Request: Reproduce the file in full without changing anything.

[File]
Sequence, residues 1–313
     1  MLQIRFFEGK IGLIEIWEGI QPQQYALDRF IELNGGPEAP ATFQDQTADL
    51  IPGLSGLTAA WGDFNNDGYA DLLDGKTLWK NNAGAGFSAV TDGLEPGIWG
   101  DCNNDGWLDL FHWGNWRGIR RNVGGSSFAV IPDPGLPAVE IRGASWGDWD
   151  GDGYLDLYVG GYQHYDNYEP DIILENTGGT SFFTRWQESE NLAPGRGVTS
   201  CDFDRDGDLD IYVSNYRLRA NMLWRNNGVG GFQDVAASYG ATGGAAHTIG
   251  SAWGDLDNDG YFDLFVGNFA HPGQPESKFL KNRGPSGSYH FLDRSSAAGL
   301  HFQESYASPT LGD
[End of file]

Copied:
Sequence, residues 1–313
     1  MLQIRFFEGK IGLIEIWEGI QPQQYALDRF IELNGGPEAP ATFQDQTADL
    51  IPGLSGLTAA WGDFNNDGYA DLLDGKTLWK NNAGAGFSAV TDGLEPGIWG
   101  DCNNDGWLDL FHWGNWRGIR RNVGGSSFAV IPDPGLPAVE IRGASWGDWD
   151  GDGYLDLYVG GYQHYDNYEP DIILENTGGT SFFTRWQESE NLAPGRGVTS
   201  CDFDRDGDLD IYVSNYRLRA NMLWRNNGVG GFQDVAASYG ATGGAAHTIG
   251  SAWGDLDNDG YFDLFVGNFA HPGQPESKFL KNRGPSGSYH FLDRSSAAGL
   301  HFQESYASPT LGD